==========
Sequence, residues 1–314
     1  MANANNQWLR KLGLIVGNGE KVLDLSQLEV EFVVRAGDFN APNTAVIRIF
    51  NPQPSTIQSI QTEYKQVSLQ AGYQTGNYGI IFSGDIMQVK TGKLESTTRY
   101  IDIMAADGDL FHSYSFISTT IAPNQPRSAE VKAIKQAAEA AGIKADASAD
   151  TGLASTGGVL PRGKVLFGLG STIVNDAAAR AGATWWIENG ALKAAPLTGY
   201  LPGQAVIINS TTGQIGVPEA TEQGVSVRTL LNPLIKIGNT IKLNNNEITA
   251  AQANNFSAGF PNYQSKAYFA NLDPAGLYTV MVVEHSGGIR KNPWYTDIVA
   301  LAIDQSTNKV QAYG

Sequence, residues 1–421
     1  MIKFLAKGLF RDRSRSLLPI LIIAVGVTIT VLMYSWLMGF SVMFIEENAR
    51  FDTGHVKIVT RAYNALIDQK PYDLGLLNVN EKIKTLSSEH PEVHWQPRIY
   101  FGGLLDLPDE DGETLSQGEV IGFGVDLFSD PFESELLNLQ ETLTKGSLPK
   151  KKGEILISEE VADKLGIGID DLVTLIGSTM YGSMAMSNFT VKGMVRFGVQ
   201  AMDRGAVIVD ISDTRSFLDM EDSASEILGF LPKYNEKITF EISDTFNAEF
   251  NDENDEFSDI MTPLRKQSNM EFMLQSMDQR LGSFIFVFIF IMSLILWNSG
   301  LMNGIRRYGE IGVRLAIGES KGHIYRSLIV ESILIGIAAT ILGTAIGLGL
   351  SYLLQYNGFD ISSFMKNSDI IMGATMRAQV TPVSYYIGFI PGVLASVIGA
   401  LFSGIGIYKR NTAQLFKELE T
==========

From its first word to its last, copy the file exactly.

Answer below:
Sequence, residues 1–314
     1  MANANNQWLR KLGLIVGNGE KVLDLSQLEV EFVVRAGDFN APNTAVIRIF
    51  NPQPSTIQSI QTEYKQVSLQ AGYQTGNYGI IFSGDIMQVK TGKLESTTRY
   101  IDIMAADGDL FHSYSFISTT IAPNQPRSAE VKAIKQAAEA AGIKADASAD
   151  TGLASTGGVL PRGKVLFGLG STIVNDAAAR AGATWWIENG ALKAAPLTGY
   201  LPGQAVIINS TTGQIGVPEA TEQGVSVRTL LNPLIKIGNT IKLNNNEITA
   251  AQANNFSAGF PNYQSKAYFA NLDPAGLYTV MVVEHSGGIR KNPWYTDIVA
   301  LAIDQSTNKV QAYG

Sequence, residues 1–421
     1  MIKFLAKGLF RDRSRSLLPI LIIAVGVTIT VLMYSWLMGF SVMFIEENAR
    51  FDTGHVKIVT RAYNALIDQK PYDLGLLNVN EKIKTLSSEH PEVHWQPRIY
   101  FGGLLDLPDE DGETLSQGEV IGFGVDLFSD PFESELLNLQ ETLTKGSLPK
   151  KKGEILISEE VADKLGIGID DLVTLIGSTM YGSMAMSNFT VKGMVRFGVQ
   201  AMDRGAVIVD ISDTRSFLDM EDSASEILGF LPKYNEKITF EISDTFNAEF
   251  NDENDEFSDI MTPLRKQSNM EFMLQSMDQR LGSFIFVFIF IMSLILWNSG
   301  LMNGIRRYGE IGVRLAIGES KGHIYRSLIV ESILIGIAAT ILGTAIGLGL
   351  SYLLQYNGFD ISSFMKNSDI IMGATMRAQV TPVSYYIGFI PGVLASVIGA
   401  LFSGIGIYKR NTAQLFKELE T